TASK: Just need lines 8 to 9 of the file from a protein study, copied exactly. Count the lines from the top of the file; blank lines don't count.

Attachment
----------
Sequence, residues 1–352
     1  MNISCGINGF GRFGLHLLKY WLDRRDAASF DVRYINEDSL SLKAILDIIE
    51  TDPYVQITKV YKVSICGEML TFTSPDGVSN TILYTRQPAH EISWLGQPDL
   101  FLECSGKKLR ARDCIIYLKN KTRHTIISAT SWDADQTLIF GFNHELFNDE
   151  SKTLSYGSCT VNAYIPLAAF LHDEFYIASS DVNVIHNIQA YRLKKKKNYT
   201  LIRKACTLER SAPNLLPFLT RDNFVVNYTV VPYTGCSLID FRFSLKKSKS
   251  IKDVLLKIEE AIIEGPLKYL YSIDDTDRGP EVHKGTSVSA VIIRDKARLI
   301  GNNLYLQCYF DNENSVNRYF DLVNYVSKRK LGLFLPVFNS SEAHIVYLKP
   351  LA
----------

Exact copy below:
   301  GNNLYLQCYF DNENSVNRYF DLVNYVSKRK LGLFLPVFNS SEAHIVYLKP
   351  LA